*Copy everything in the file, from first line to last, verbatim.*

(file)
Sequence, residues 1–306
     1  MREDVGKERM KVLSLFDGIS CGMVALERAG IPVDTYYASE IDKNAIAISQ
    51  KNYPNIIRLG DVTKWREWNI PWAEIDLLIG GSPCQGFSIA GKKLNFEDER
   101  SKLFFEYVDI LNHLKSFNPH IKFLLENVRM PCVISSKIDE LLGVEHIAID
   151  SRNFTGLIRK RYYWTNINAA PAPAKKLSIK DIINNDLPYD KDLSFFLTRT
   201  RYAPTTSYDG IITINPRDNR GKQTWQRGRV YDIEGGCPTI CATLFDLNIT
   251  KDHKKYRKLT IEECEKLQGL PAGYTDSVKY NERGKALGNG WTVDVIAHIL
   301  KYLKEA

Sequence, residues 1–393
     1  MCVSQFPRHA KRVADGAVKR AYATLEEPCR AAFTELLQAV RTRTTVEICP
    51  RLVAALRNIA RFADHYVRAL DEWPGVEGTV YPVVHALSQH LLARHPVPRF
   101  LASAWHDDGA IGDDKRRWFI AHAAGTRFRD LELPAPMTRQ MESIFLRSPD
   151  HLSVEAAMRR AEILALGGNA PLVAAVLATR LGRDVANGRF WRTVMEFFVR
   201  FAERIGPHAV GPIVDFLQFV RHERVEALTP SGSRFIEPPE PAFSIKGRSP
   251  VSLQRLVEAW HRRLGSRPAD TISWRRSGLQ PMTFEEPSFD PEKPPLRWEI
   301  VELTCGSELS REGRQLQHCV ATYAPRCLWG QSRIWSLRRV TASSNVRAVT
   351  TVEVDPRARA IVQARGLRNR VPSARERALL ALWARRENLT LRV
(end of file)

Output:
Sequence, residues 1–306
     1  MREDVGKERM KVLSLFDGIS CGMVALERAG IPVDTYYASE IDKNAIAISQ
    51  KNYPNIIRLG DVTKWREWNI PWAEIDLLIG GSPCQGFSIA GKKLNFEDER
   101  SKLFFEYVDI LNHLKSFNPH IKFLLENVRM PCVISSKIDE LLGVEHIAID
   151  SRNFTGLIRK RYYWTNINAA PAPAKKLSIK DIINNDLPYD KDLSFFLTRT
   201  RYAPTTSYDG IITINPRDNR GKQTWQRGRV YDIEGGCPTI CATLFDLNIT
   251  KDHKKYRKLT IEECEKLQGL PAGYTDSVKY NERGKALGNG WTVDVIAHIL
   301  KYLKEA

Sequence, residues 1–393
     1  MCVSQFPRHA KRVADGAVKR AYATLEEPCR AAFTELLQAV RTRTTVEICP
    51  RLVAALRNIA RFADHYVRAL DEWPGVEGTV YPVVHALSQH LLARHPVPRF
   101  LASAWHDDGA IGDDKRRWFI AHAAGTRFRD LELPAPMTRQ MESIFLRSPD
   151  HLSVEAAMRR AEILALGGNA PLVAAVLATR LGRDVANGRF WRTVMEFFVR
   201  FAERIGPHAV GPIVDFLQFV RHERVEALTP SGSRFIEPPE PAFSIKGRSP
   251  VSLQRLVEAW HRRLGSRPAD TISWRRSGLQ PMTFEEPSFD PEKPPLRWEI
   301  VELTCGSELS REGRQLQHCV ATYAPRCLWG QSRIWSLRRV TASSNVRAVT
   351  TVEVDPRARA IVQARGLRNR VPSARERALL ALWARRENLT LRV